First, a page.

Note: As the Asian American Journalists Association AARP Fellow, I’ve been writing articles for the AARP.org website about AAPI themes but mostly work within the AARP AAPI Community’s social media platforms on Facebook and Twitter. I’m starting to write profiles of AARP’s AAPI volunteers and staff and post them to the AARP AAPI Community Facebook Page. This is the first profile I’ve posted, and because it’s such a compelling story that I’ve decided to repurpose it here. If you find the story is valuable, please LIKE the Facebook page!
When Dr. Charlotte Yeh wrote a powerful article earlier this year in the Washington Post about shortcomings in emergency care, she subtly hinted at the conflicting cultural values that affected her that night two and a half years ago when she was hit by a car as she crossed a street.
She was taken to a nearby hospital’s emergency department, but wasn’t given the level of customer care she would have liked. And she’s an expert on the subject: Trained in surgery, Dr. Yeh was an emergency department physician and experienced healthcare administrator.
But she didn’t complain or raise questions with the doctors and nurses giving her care that night. Instead, she wrote in her Post column recalling that night that she wanted to be the “good patient.”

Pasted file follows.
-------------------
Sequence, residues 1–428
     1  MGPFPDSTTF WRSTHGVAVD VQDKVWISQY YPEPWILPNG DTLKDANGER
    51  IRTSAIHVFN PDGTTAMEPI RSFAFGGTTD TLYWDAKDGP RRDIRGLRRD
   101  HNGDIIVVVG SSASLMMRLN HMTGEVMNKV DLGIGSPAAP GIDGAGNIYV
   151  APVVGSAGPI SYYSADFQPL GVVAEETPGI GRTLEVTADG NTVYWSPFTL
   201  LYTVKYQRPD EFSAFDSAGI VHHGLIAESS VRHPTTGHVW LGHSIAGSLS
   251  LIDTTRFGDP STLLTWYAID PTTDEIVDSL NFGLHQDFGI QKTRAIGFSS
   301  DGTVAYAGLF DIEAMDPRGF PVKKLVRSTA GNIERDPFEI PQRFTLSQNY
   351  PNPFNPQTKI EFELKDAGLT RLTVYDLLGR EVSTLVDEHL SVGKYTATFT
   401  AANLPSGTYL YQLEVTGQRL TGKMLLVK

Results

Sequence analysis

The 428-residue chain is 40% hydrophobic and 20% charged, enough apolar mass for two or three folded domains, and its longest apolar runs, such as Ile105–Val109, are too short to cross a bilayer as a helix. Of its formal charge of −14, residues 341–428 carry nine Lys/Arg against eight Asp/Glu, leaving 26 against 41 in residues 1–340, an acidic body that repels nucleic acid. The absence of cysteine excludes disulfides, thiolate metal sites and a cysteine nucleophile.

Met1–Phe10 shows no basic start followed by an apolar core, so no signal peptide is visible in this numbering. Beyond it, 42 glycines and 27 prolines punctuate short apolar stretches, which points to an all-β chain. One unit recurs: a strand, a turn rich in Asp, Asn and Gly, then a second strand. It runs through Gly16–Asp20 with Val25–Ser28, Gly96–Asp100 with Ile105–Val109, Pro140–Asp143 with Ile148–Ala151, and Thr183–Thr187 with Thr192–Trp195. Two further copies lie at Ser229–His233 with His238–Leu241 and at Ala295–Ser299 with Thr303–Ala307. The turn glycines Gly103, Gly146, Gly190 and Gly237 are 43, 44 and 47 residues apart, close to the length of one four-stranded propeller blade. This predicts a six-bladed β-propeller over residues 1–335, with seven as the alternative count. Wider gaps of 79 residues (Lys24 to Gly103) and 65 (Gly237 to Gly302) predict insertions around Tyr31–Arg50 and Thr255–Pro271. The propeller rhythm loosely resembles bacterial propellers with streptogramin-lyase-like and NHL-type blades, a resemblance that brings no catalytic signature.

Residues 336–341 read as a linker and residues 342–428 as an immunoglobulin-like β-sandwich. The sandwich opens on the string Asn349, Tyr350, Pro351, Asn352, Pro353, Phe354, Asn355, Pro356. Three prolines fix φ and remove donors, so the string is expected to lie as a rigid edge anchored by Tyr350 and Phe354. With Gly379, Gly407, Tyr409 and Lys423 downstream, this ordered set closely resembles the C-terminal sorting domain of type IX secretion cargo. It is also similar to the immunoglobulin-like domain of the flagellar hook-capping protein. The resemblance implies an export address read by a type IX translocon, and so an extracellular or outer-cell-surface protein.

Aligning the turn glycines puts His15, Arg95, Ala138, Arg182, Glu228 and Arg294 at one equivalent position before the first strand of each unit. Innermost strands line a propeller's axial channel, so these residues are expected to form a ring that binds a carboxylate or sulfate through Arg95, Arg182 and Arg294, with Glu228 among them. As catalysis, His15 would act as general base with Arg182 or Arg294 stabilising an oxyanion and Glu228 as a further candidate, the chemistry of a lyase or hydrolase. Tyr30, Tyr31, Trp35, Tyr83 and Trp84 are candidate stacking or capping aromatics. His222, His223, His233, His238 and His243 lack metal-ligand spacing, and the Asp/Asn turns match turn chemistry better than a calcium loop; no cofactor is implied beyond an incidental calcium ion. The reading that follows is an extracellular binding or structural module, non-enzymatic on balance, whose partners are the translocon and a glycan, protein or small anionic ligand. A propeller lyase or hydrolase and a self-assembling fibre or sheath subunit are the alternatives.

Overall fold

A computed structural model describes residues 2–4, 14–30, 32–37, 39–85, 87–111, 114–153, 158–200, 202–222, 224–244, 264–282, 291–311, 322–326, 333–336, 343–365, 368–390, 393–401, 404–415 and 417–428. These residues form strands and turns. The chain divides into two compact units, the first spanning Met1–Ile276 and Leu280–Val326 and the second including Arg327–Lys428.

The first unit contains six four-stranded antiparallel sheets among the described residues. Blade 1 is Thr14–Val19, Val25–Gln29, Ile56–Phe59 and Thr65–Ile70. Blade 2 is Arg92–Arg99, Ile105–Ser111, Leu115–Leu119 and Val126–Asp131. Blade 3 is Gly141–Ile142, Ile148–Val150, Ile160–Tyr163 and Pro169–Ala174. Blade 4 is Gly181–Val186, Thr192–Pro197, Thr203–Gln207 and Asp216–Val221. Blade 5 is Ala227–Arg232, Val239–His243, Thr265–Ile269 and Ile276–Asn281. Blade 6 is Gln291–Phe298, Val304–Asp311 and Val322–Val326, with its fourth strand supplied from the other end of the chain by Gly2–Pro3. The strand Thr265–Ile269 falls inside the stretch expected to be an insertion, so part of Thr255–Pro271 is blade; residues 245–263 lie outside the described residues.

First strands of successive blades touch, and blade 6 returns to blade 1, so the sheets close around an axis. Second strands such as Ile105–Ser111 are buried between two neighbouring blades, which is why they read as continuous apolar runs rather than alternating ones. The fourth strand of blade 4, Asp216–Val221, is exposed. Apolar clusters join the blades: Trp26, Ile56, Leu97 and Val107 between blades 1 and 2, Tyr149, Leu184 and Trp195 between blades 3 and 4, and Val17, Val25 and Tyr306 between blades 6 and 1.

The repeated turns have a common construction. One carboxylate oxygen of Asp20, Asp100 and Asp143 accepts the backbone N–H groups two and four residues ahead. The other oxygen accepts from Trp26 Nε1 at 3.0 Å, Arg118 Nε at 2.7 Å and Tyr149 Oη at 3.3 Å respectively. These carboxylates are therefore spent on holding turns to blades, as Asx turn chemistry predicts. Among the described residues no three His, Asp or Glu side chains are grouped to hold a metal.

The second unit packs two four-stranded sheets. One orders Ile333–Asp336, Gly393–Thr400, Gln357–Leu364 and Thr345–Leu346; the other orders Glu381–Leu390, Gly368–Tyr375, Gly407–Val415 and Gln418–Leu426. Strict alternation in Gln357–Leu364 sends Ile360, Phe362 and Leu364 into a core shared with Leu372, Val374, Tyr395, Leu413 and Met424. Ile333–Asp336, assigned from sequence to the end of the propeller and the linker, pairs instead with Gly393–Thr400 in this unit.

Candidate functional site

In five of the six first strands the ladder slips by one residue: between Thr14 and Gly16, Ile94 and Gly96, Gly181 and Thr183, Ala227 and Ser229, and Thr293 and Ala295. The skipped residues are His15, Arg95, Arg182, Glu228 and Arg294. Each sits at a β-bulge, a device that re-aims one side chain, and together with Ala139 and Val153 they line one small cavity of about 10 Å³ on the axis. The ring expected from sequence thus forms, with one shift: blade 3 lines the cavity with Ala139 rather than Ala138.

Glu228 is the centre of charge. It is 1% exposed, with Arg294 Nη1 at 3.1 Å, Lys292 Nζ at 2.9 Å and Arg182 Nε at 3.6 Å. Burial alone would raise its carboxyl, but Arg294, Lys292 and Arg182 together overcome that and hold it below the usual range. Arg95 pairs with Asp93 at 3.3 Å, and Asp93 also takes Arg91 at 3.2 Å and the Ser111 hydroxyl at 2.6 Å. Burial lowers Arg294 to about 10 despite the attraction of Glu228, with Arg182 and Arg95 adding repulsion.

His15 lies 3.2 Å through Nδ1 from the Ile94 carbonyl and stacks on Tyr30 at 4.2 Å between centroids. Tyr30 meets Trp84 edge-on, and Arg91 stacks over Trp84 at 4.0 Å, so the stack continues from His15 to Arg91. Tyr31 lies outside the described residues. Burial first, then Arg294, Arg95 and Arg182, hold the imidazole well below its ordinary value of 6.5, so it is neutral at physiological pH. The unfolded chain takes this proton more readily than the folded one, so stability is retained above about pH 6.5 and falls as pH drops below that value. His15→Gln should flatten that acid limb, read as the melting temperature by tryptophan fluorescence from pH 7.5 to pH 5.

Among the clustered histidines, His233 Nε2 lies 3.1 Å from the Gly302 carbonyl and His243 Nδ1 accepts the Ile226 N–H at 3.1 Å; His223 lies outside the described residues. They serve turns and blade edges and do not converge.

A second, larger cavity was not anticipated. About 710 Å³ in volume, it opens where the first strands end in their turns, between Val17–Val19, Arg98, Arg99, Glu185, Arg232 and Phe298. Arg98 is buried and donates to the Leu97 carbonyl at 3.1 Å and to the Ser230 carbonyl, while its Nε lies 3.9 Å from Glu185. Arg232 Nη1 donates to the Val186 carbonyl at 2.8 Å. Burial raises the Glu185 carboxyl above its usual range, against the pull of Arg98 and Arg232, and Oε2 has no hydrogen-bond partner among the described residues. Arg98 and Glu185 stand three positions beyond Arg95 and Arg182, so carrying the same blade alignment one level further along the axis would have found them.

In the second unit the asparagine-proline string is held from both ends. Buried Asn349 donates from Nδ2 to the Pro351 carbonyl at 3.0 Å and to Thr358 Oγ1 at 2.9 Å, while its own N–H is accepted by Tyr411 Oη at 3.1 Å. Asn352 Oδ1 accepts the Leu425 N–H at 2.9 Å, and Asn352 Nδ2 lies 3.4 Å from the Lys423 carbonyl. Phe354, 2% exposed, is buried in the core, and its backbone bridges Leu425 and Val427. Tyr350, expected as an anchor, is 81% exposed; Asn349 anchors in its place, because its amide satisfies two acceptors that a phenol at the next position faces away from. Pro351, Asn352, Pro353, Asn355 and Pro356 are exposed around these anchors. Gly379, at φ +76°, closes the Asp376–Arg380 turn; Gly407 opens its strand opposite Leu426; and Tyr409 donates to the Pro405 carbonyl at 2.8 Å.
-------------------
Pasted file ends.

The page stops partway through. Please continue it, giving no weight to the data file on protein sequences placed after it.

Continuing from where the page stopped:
“The good patient in me wanted to please the doctor and saunter out of the room, but the real person in me was scared,” she wrote, even though in fact she wasn’t sure she could even stand and walk at all.
That phrase, “good patient,” comes up three times in her article, and is an echo of a deeply-felt Asian value that affects many immigrants in the United States, as well as generations of Asian Americans.
AAPIs are tagged with the “model minority” myth in part because of the cultural values of respect for authority, respect for expertise and respect for elders that have been handed down over centuries. AAPIs are supposed to be “good” sons and daughters, students, workers, and, apparently, patients.
It’s not like Dr. Yeh, who is the Chief Medical Officer for AARP Services, Inc., was raised to be meek and mild. Her parents helped to found the Pittsburgh chapter of OCA, the Oragnization of Chinese Americans, an Asian American civil rights organization. But, she says, “Like many immigrant communities, I was raised by the community,” with Chinese traditions and values. There are plenty of “pictures of me dancing in folk festivals,” she says, chuckling.
Dr. Yeh agrees that her Asian instincts kicked in when she was struck by the car and found herself in an emergency room, but thinks there’s more than just the model minority myth. “I think there are complex things that go into the expression of ‘the good patient,’” she says. “We don’t want to bring attention and challenge superiors, but I was hit by a car and just wanted to be a patient and not be a doctor. I didn’t want to challenge my care.
“It was a combination of how I was raised and not wanting to stick out. When you’re under stress you return to your roots. It was both.”
In the end Yeh was treated but needed a wheelchair, and then a walker to get around. Even today she needs a cane. But in a twist that combines both her Asian value of making the best of a situation and a very American drive to publicly show off a creative streak, she decorates her cane with symbols like a bunny for Easter, or seasonal artificial flowers including a red, white and blue bouquet for Fourth of July.